Florida’s “Don’t Say Gay” Bill Is Really About Politics, Not Sex

On March 28, Florida governor Ron DeSantis signed HB 1557 — the “Parental Rights in Education Bill” — into law.

Supporters say it is indeed about parental rights:  The right to know what their kids are being taught, and the right to be informed about matters pertaining to their kids’ “mental, emotional, or physical well-being.”

Opponents call it the “Don’t Say Gay Bill” and assert that its purpose is to terrorize members of the LGBTQ community working in public education by forbidding mention of their sexual orientations/gender identities, and to isolate LGBTQ students who may be afraid to come out to their parents and, under this law, to seek support and affirmation at school, lest they be outed.

Both sides are right. The  law does require parental access to student records, and notification of parents when school personnel address, or know of, issues related to a student’s “mental, emotional, or physical well-being.”

But it actual purpose is political.

Supporters use one snippet of the bill — “[c]lassroom instruction by school personnel or third parties on sexual orientation or gender identity may not occur in kindergarten through grade 3 …” — to claim that it’s just about sex education in the lower grades.

They leave out the following clause: “… or in a manner that is not age-appropriate or developmentally appropriate for students in accordance with state standards.”

Teachers rightfully fear that, say, casually mentioning their same-sex spouses might be deemed “age-inappropriate classroom instruction.” And LGBTQ students rightfully fear that teachers will consider themselves legally required to out them.

What gives the bill teeth is its enforcement mechanism: A parent may “[b]ring an action against the school district …. A court may award damages …”

It’s designed to encourage little Sally’s parents to sue the school district if Sally mentions that her teacher said he and his husband went to Italy over summer vacation. Or if Sally asks to be called Sam and wear “boy’s clothes,” and they suspect that she mentioned this in school and it wasn’t reported to them.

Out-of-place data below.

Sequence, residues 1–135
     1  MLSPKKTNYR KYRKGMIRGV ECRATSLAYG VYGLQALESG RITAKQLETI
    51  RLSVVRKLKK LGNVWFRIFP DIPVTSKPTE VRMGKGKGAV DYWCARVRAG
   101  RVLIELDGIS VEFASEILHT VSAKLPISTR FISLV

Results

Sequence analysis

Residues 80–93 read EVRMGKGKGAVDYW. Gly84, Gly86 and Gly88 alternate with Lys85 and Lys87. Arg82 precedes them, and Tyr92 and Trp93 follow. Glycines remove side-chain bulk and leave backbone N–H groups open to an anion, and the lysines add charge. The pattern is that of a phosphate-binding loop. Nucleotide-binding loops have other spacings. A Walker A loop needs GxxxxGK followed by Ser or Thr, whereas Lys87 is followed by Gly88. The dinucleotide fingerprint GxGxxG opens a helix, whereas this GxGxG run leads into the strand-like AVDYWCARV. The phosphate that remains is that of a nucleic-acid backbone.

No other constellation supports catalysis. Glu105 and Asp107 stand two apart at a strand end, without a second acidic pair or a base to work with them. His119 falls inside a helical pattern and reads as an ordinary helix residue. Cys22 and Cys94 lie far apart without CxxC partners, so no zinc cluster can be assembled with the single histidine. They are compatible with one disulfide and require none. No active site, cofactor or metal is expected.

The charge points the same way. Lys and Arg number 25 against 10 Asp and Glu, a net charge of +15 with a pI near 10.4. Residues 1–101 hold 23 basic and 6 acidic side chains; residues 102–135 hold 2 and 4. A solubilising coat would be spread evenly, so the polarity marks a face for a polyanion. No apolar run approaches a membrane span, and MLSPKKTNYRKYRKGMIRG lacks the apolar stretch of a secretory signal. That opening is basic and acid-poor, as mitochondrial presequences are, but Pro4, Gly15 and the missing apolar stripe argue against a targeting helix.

It’s designed, above all, to energize Republican voters and get them to the polls for Republican candidates.

During the pandemic, many schools shut down and went to “remote learning.” Parents looking on during Zoom classes noticed what and how their kids were being taught. Some of them didn’t like it.

The public education establishment reacted patronizingly, telling parents they were unqualified to have an opinion and should leave education to the “experts” (them). That dismissive attitude produced anger — as it should have.

Now Republicans are weaponizing that anger with bills like the “Parental Rights in Education Bill,”  tailored not just to the anger itself, but also to specific fears that they know will mobilize and energize their electoral base.

The “Don’t Say Gay Bill” is what we get when politics and education combine to produce a “wedge issue.” So long as education is politically funded and politically regulated, we’ll never lack for such issues.

The only way to get the culture wars out of education is to separate school and state.

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Tom has worked in journalism — sometimes as an amateur, sometimes professionally — for more than 35 years and has been a full-time libertarian writer, editor, and publisher since 2000. He’s the former managing editor of the Henry Hazlitt Foundation, the publisher of Rational Review News Digest (2003-present), former media coordinator and senior news analyst at the Center for a Stateless Society (2009-2015) and also works at Antiwar.com. He lives in north central Florida.